Why 4AM


Grueling work schedules, glaring iPhone screens, and sleepless nights aren’t going away anytime soon. Time is our most precious commodity, but most multi-step skincare routines would make it seem otherwise. We took the guesswork out of skincare by making sure that each ingredient is at a specific percentage, pH balanced, and can live happily with each other and on your skin. Guess what—your 10 step routine just took 30 seconds to swipe on your skin.


If you’ve ever wondered why exactly your skin is less than glowing after either staying up until or waking up at 4AM, you’re not alone. In fact, if you wondered enough, you could have won the 2017 Nobel Prize in Physiology in Medicine which was awarded for research on circadian rhythms of each organ of your body. It turns out your circadian rhythm in your skin automates processes like DNA and barrier repair, secreting oil, rebuilding your collagen, and loads of other processes—making sure they happen at the right time in the right amount. Late nights, mismatched sleep schedules, and you guessed it, blue light, which actually penetrates deeper into your skin than UV light, throws off your skin’s circadian rhythm.


All 4AM products are vegan, cruelty free, PH balanced, dermatologist tested, and free of all harmful ingredients we wouldn’t want to put on our skin and definitely not yours.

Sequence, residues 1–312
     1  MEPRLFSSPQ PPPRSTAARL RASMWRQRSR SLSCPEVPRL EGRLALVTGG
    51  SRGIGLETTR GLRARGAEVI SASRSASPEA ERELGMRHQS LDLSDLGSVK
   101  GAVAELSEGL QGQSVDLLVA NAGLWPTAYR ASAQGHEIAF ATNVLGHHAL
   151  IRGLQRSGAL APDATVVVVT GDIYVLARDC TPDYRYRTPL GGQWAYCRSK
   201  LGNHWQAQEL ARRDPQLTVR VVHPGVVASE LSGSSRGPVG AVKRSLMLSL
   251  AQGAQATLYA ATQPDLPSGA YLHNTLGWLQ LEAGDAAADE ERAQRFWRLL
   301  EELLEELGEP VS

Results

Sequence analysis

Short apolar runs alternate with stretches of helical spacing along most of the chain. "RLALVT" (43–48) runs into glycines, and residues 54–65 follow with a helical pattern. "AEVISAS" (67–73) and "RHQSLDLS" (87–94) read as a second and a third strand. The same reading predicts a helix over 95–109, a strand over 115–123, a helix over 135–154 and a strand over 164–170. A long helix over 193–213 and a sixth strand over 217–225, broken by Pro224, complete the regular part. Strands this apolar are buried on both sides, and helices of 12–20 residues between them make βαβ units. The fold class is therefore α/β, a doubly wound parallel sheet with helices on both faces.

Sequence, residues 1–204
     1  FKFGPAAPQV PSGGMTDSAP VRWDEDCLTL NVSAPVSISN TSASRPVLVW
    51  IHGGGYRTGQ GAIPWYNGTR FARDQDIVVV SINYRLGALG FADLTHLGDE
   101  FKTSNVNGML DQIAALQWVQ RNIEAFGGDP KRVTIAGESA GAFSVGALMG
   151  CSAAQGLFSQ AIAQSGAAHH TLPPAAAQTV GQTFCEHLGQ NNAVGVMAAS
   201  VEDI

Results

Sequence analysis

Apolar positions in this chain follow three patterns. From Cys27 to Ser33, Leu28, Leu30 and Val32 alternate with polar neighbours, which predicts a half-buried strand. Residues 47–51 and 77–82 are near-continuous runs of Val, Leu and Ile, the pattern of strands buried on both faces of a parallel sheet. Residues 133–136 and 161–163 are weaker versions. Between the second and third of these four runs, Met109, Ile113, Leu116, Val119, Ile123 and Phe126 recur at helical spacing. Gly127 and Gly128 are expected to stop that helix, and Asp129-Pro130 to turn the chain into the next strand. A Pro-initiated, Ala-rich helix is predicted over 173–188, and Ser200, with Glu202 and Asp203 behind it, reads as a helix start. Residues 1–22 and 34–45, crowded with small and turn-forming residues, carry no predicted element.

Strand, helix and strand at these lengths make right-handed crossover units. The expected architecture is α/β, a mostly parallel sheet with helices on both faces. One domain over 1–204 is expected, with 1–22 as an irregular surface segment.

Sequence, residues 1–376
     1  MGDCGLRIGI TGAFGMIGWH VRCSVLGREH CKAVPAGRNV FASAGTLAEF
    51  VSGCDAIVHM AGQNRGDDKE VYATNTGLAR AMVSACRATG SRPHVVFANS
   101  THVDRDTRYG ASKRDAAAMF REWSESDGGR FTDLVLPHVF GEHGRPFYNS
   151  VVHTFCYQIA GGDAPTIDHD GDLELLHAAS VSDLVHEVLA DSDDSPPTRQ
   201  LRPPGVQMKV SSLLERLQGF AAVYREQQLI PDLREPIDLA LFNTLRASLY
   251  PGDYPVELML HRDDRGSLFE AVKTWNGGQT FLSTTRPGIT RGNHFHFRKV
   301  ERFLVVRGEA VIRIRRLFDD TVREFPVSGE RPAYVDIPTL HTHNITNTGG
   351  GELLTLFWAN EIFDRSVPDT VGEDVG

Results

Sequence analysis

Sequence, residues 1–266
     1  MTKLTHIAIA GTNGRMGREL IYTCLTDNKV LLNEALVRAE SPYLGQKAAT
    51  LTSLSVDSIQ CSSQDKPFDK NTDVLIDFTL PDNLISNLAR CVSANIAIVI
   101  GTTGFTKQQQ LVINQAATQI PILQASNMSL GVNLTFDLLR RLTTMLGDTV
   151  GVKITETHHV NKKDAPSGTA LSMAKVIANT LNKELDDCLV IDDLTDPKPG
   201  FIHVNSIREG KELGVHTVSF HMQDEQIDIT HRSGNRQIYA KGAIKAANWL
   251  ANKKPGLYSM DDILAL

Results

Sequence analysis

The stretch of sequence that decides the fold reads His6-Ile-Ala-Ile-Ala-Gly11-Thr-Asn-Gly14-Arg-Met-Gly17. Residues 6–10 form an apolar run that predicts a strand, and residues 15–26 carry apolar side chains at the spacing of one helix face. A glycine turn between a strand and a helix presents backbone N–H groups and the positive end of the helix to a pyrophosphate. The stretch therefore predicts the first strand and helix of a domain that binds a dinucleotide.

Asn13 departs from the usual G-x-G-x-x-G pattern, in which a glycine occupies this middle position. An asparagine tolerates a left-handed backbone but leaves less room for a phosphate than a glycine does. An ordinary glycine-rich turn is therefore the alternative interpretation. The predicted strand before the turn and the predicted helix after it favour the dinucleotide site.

MIT (methylisothiazolinone), Parabens, MEA, DEA, Mineral Oil, Paraffin, Lanolin, Beeswax, Propylene Glycol, Sodium Lauryl or Laureth Sulfates, Phthalates, Toluene, Talc, Triclosan, Benzophenones, Progesterone, Bovine-sourced ingredients (such as collagen, elastin, colostrum, placenta extract), Formaldehyde-releasing preservatives (imidazolidinyl urea, diazolidinyl urea, DMDM hydantoin, quaternium-15), Synthetic fragrances or dyes, Solvent alcohols, Pore-clogging ingredients (lipids, which are used in some moisturizing products, can block pores), Petrolatum, Triethanolamine (TEA)


Lyons, Alexis B et al. “Circadian Rhythm and the Skin: A Review of the Literature.” The Journal of Clinical and Aesthetic Dermatology vol. 12,9 (2019): 42-45.

Pastorino, Giulia, et al. “Biological activities of the legume crops Melilotus officinalis and Lespedeza capitata for skin care and pharmaceutical applications.” Industrial Crops and Products 96 (2017): 158-164.

Torloni, Liliana, et al. “16311 Protective effects of an active complex against unbalanced biomarkers induced by infrared-A radiation, blue light, and heavy metals: An integral approach of skin aging.” Journal of the American Academy of Dermatology 83.6 (2020): AB175.

Campiche, Remo, et al. “Pigmentation effects of blue light irradiation on skin and how to protect against them.” International Journal of Cosmetic Science 42.4 (2020): 399-406.

Coats, Jahnna G., et al. “Blue Light Protection, Part I—Effects of blue light on the skin.” Journal of Cosmetic Dermatology 20.3 (2021): 714-717.